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Scientists & artists collaborate to respond to the phrase ‘A Picture of Health’

 24 June 2019   Public Engagement

When we say the phrase ‘A Picture of Health’, what comes to mind for you? This phrase conjures up a range of emotions and imagery that harbours different meanings for all people and communities. To capture this diversity, a collaboration between researchers and artists from Central Saint Martins will produce artwork based on the theme and the impacts of medical research. These pieces will be taken into the local community within White City as conversational and programming tools to understand how the community responds to the six key themes; Antimicrobial Resistance and Infection, Artificial Intelligence and Big Data, Diet and Lifestyle, Environmental Impact and Ageing, Genetics and Assistive Technologies and Mental Health and Dementia.

20 June saw the first steps taken on this project, which builds upon a long and fruitful partnership between the MRC LMS and Central Saint Martins, in the form of an art and science workshop. The Picture of Health workshop started with inspiring and provocative talks from researchers from the MRC LMS, Imperial College, Brunel University, University of Westminister and University College London to stimulate and inform about each of the six themes.

Dr Enrique Castro-Sanchez started off the day with a talk about antimicrobial resistance, but also the social, cultural and economic challenges that researchers and policy-makers need to consider to make effective change.

Dr Arturo Gonzalez-Izquierdo spoke about our Artificial Intelligence & Big Data theme. His talk focussed on using large-scale electronic health records for biomedical research from the automated methods designed to deal with all that data and the challenges of this medical research pipeline in the understanding of human disease.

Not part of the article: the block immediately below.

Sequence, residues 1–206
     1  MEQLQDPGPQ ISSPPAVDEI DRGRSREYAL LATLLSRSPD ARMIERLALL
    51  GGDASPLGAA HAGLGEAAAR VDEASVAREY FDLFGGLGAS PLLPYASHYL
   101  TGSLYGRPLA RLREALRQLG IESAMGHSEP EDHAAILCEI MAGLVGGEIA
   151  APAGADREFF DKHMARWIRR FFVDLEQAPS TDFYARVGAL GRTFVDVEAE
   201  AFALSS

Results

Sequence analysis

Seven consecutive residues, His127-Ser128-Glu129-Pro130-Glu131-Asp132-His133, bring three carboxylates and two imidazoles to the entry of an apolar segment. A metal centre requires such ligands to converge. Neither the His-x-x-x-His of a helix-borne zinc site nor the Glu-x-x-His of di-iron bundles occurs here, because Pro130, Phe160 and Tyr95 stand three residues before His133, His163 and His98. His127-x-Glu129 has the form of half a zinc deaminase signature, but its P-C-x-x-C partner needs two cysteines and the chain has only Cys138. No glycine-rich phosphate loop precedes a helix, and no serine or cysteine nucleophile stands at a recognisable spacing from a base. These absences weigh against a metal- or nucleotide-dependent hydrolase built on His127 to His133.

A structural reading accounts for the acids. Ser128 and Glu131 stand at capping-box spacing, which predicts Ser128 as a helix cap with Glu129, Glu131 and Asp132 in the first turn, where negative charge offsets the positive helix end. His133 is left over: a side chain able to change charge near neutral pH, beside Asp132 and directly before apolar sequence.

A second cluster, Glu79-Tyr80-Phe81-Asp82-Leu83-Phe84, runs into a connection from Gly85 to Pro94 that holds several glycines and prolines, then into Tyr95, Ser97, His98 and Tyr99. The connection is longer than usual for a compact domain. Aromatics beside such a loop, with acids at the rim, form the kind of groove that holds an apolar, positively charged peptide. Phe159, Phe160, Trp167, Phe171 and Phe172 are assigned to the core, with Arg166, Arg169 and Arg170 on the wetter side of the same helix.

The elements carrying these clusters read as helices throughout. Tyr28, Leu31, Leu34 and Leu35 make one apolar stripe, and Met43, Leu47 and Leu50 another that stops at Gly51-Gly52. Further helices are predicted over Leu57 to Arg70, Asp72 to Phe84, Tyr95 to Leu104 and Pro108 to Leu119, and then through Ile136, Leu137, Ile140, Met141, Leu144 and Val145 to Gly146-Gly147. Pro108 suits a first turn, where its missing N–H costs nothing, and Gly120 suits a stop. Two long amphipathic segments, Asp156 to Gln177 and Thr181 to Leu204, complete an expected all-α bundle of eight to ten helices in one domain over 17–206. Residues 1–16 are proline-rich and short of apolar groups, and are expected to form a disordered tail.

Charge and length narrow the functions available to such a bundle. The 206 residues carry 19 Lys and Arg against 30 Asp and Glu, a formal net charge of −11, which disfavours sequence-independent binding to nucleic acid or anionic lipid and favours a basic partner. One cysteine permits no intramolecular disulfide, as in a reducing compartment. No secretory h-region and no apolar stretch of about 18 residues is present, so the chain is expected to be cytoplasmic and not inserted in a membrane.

Our third talk was from Dr Claire Robertson who shared insights into how medical and public health approaches inform nutrition science and how that impacts our diet and lifestyle choices. This was followed by a talk from Dr Sibylle Ermler as part of our Environmental Impacts & Ageing theme. Her talk addressed how ageing populations are affected by chemical pollution.

The Genetics & Assistive Technologies theme was tackled by Dr Harry Leitch who spoke about the germline cycle – the passing of genetic information between generations through the sex cells – and the ethics of human germline editing.

The final talk of the morning was by Prof Oliver Howes. His talk shared insights about how mental illnesses are perceived in the popular press, and the scientific understanding of them using the example of psychosis.

The afternoon consisted of a break out session between researchers and artists to facilitate thought-provoking discussion and unpick questions to encourage creativity in response to the morning’s talks.

Over the summer, we will be exploring each of the six themes in much more depth through articles on our website. But up to six chosen artists will work with scientists to produce artwork based on the phrase ‘A Picture of Health’ over the next few months also.